I measured the length of the original bolt and stud relative to the original water outlet, and found that both protruded appx 10mm beyond the housing. I then measured the stackup, and concluded that a new set of bolts, one 60mm and one 80mm, would provide exactly the same thread engagement as the originals, so another trip to ACE later I had the proper bolts (again, these are M8x1.25, and you want the non-shouldered class 8.8 versions.)


One interesting feature of the spacer is that the hole for the factory CLT sensor is raised up quite a bit, such that the body of the sensor barely protrudes at all into the main cavity. I expect that this was done out of concern for interfering with the thermostat mechanism. With the OEM design, this might be a problem, though with the Stant unit that I have, there's quite a lot of clearance. Although there's plenty of space around the sensor element, a potential downside here is that if air is going to get trapped anywhere in the system, it's going to be around that sensor. Hopefully the turbulent flow of water through the housing will eventually purge most of the air from that cavity. If not, I guess I'll just have to roll the car over onto its side to clear the air bubble.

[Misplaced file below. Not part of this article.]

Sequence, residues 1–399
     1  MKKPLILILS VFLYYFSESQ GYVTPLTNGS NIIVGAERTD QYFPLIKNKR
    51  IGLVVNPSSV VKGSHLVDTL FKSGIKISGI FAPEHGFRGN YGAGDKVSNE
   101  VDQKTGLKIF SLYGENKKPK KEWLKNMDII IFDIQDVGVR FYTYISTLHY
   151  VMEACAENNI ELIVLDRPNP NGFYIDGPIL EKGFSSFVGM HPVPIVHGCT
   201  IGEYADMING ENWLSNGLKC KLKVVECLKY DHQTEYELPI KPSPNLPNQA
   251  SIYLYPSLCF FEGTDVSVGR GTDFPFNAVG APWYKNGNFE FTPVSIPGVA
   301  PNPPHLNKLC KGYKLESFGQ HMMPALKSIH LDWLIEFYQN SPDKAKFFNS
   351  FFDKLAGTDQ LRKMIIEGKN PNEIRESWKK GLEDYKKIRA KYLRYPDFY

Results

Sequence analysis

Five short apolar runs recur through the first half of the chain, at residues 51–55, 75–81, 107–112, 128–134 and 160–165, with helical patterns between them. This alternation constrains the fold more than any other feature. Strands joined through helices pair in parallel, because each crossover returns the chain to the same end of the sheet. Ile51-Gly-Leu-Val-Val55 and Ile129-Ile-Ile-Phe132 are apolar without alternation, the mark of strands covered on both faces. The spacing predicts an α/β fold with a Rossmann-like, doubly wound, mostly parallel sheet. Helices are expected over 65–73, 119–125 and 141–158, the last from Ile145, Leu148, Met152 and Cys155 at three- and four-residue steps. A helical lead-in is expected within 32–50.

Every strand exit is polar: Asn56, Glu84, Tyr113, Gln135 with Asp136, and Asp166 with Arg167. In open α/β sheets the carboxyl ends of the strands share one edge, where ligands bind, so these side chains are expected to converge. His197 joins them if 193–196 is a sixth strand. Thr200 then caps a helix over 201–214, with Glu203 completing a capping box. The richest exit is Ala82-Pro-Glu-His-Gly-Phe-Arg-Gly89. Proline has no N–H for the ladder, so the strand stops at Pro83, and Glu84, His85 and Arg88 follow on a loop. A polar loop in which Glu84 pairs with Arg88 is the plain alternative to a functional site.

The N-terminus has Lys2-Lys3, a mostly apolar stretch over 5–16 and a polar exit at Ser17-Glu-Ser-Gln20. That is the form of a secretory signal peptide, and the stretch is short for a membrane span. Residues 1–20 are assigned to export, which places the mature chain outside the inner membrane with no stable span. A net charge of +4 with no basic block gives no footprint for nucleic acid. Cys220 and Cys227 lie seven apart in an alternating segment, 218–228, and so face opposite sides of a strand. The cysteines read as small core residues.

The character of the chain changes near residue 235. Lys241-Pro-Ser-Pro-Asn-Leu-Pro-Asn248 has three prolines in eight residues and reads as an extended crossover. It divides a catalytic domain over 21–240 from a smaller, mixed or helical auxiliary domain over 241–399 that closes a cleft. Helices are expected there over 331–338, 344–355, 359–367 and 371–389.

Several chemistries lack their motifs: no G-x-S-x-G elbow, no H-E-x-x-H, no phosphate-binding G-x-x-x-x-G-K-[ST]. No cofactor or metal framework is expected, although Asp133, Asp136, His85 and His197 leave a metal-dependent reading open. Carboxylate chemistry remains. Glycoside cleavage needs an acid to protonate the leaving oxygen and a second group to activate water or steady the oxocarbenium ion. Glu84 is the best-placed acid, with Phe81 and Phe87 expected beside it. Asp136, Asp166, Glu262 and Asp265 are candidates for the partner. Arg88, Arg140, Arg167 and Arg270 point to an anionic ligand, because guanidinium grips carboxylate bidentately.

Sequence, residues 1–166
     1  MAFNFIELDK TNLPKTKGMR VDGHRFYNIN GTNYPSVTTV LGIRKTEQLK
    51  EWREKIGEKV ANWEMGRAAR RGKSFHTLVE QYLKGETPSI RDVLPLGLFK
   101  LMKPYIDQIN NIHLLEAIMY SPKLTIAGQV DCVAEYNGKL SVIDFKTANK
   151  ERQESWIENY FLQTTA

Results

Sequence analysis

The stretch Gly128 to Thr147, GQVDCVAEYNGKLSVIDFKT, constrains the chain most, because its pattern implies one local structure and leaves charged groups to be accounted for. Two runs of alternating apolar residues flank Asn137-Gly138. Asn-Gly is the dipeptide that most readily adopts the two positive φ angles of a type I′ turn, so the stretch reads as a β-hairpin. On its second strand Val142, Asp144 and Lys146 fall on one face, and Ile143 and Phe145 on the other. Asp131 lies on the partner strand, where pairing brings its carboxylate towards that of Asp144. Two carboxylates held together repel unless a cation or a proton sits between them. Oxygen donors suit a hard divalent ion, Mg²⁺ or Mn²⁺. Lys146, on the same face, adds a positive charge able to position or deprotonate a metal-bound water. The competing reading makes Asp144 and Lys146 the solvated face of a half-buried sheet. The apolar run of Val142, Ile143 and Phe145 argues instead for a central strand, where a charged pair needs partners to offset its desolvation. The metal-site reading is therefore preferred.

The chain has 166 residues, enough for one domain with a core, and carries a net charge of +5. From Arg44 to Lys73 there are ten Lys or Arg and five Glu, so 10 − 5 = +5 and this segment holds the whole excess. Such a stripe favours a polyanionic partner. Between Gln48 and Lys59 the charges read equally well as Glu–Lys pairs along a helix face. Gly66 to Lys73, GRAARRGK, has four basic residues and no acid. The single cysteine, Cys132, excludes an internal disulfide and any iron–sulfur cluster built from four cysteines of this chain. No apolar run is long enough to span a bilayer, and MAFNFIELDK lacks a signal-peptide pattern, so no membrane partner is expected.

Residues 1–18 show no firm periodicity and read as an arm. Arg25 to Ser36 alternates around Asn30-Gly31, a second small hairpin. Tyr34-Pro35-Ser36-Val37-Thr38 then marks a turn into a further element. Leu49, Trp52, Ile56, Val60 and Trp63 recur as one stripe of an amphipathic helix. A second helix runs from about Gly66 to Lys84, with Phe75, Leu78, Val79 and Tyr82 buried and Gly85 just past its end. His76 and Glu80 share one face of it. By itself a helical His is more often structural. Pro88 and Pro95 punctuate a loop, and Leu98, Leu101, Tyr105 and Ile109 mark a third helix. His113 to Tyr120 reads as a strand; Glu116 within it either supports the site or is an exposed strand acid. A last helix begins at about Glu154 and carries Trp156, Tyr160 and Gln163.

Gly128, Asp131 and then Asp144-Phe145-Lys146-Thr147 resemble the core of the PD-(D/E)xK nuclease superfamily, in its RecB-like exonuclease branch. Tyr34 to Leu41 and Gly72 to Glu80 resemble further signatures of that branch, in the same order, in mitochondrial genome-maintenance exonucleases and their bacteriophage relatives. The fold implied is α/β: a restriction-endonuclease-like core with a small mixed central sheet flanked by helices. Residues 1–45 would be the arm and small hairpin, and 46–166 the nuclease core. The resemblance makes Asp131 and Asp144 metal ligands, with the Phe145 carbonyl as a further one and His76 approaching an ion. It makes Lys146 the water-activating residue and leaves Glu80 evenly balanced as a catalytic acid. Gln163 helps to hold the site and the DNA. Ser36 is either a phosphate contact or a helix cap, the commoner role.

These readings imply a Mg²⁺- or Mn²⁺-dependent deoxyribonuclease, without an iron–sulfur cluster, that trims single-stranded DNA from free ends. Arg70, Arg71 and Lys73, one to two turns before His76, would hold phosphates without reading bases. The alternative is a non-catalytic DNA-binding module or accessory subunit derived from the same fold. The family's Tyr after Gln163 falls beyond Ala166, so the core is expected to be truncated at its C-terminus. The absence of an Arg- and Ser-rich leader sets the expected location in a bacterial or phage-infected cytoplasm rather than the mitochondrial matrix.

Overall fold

The groove for the thermostat, incidentally, is absolutely perfect both in depth and diameter. The thermostat fits snugly into the cutout as though it was made to sit there. And as you can see, the spacer is grooved on both sides. I'm not entirely sure why this is (if you flipped it over and rotated it so that the heater outlet was again horizontal, the CLT sensor would hit the transmission.


A note on the water outlets. I ordered my kit without one, as I'd already purchased a Protege water outlet on the advice of a fellow forum member. As it turns out, the Protege outlet is far too small to work in this application. Here's a comparison of the stock 1.6 Miata outlet and the Protege outlet:



The major diameter (the hump at the end) of the stock outlet is 1.3", and the minor diameter (the main body of the shaft) is 1.23". By comparison, the Protege outlet measured 1.17" and 1.10" respectively. The Protege outlet flopped around inside the stock radiator hose like a hot dog rolling down a hallway.